The book is all about learning to trust yourself, and how to get the most out of the time you spend at your instrument. As the title suggests, it delves into ‘mistakes’ and why they occur, what they can teach us, and why we shouldn’t worry so much about avoiding them throughout the learning process. This book turns some conventional teaching approaches on their heads and explains some damaging effects of old-school mentalities of perfection and self-criticism. [···]
In my own quest to organize my personal practice time, I came across an excellent planner geared toward any level of student. As a music teacher, I find it a recurring challenge to communicate assignments and help my students continue to develop in their practice sessions without me. The Musician’s Practice Planner meets both of those needs, and in my opinion, is a necessity for all teachers who want to impart the skill of practicing unto their students.
A couple months ago I found a great book about music lessons. At first I found it in the library but after renewing and then still keeping it late, I ended up buying a copy for myself–it’s well written and worth consulting from time to time.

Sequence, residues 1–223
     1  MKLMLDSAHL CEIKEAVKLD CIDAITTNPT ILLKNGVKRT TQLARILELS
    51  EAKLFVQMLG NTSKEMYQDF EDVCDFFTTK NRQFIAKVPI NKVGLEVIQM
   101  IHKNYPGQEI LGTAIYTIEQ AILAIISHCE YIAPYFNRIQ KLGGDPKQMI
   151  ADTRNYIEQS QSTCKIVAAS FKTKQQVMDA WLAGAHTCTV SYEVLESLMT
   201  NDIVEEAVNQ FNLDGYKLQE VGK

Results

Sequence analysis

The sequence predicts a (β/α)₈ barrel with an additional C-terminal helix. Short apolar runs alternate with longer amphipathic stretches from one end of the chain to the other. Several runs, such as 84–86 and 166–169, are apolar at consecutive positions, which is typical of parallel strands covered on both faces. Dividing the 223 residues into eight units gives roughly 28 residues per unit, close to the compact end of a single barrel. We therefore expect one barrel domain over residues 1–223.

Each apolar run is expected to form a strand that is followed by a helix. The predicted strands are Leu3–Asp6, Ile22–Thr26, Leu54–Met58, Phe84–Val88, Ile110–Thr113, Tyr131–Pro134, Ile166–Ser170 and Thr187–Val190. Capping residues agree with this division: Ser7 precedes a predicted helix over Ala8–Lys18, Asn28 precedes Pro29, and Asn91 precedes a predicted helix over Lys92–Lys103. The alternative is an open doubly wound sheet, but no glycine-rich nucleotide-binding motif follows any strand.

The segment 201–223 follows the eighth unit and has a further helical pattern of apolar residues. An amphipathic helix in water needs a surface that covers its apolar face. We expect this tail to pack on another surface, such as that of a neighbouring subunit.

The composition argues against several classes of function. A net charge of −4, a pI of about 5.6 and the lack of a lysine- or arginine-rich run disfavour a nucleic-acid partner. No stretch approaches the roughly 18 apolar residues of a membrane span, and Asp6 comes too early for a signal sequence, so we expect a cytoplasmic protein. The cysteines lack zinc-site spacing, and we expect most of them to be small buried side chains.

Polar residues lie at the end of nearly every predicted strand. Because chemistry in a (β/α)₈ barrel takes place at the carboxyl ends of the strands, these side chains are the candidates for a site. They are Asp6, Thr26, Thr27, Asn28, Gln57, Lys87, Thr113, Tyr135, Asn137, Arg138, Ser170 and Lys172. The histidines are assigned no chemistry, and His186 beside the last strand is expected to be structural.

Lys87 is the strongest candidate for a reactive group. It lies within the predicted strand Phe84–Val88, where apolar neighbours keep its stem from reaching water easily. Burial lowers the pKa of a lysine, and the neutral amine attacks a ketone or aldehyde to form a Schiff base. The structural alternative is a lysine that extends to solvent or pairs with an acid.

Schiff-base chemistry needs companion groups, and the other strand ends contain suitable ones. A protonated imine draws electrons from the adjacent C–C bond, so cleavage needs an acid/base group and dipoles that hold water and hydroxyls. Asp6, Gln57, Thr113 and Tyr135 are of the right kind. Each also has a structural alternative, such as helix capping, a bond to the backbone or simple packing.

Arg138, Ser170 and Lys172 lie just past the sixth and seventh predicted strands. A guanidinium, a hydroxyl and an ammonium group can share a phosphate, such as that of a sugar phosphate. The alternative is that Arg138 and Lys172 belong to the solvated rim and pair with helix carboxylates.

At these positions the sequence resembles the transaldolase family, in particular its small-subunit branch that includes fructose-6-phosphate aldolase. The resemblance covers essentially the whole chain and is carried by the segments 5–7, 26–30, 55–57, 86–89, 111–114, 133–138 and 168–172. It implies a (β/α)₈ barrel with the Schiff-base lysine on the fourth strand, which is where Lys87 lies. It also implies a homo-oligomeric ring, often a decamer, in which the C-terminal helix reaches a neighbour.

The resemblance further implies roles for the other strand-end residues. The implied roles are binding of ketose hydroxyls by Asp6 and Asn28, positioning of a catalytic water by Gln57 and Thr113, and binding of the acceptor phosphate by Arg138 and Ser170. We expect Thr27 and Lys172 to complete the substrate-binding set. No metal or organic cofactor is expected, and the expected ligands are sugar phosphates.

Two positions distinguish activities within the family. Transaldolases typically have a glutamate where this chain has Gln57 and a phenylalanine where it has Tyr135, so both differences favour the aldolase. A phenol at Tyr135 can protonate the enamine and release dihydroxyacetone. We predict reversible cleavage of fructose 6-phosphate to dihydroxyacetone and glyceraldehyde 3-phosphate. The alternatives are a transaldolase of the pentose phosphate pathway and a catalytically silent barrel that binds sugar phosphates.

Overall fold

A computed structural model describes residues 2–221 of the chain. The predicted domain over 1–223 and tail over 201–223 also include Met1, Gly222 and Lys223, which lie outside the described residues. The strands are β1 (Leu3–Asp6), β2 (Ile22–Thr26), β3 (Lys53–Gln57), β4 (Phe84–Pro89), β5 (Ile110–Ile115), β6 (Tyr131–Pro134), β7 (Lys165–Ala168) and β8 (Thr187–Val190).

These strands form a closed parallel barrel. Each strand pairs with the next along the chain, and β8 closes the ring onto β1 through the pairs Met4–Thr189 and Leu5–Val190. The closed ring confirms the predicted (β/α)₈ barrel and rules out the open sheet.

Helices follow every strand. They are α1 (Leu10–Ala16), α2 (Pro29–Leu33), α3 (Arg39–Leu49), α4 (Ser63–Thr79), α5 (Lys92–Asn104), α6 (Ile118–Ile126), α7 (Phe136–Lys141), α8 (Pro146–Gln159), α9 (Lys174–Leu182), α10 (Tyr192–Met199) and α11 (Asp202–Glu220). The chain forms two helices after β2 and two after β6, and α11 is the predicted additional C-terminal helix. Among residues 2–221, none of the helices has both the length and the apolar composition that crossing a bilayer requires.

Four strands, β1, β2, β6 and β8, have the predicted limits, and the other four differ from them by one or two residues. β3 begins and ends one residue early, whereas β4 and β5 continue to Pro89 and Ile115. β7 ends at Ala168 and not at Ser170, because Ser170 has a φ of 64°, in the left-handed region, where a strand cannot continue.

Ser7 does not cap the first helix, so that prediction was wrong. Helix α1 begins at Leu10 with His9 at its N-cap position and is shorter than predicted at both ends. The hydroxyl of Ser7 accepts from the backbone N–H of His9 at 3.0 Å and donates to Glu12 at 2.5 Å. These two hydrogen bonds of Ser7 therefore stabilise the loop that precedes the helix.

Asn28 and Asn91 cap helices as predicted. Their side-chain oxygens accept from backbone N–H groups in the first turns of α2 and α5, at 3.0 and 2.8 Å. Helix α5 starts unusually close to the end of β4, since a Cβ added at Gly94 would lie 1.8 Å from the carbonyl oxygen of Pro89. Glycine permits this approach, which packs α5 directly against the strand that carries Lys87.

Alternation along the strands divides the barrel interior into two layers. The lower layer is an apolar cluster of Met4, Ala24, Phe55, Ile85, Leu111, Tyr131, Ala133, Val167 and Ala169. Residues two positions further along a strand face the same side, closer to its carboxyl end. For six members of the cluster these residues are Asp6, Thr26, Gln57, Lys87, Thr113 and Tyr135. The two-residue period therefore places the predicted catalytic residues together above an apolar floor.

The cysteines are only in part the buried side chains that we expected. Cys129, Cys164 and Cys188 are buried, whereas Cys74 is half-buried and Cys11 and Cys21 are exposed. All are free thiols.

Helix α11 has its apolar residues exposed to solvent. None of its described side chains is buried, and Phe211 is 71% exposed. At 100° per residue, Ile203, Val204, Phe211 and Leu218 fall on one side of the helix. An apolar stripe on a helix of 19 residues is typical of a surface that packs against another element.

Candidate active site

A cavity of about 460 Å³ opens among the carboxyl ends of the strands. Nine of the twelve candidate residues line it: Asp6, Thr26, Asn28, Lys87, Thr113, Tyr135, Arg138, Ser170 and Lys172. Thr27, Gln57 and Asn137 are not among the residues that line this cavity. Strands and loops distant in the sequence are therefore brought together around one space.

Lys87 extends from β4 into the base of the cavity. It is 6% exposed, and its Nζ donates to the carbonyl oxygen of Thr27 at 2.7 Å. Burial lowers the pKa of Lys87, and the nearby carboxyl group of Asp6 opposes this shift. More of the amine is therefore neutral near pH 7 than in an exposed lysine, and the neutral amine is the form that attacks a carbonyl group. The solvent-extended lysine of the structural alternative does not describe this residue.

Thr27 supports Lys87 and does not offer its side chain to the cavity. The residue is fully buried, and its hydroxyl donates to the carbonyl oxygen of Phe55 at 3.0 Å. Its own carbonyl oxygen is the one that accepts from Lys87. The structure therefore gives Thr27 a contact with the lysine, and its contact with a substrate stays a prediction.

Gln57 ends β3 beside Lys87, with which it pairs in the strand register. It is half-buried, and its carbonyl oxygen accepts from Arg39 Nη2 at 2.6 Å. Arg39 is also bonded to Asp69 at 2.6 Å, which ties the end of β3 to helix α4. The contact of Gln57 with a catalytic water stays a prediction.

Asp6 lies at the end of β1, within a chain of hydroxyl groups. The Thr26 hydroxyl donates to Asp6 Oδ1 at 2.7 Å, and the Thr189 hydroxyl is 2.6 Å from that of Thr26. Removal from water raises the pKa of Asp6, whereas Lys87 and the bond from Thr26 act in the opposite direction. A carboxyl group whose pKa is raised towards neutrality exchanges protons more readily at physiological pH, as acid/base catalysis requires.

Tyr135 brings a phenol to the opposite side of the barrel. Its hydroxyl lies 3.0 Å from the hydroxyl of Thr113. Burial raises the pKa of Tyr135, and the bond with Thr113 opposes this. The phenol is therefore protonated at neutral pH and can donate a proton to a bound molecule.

The book is by Stephanie Stein Crease and is entitled Music Lessons: Guide Your Child to Play a Musical Instrument (and Enjoy It!). (The link lets you view the book on Amazon.com if you wish.)
Although geared toward parents, I find many of the ideas in the book relevant to all ages, and as a music teacher, it’s helpful to see the point of view of the student and parent. It can help answer and anticipate questions parents have, and is worth recommending to them for their own information. It also contains general discussions about music education and recent trends (published 2006), and some psychological studies on the subject.
Here are some of the topics discussed in detail in the book: [···]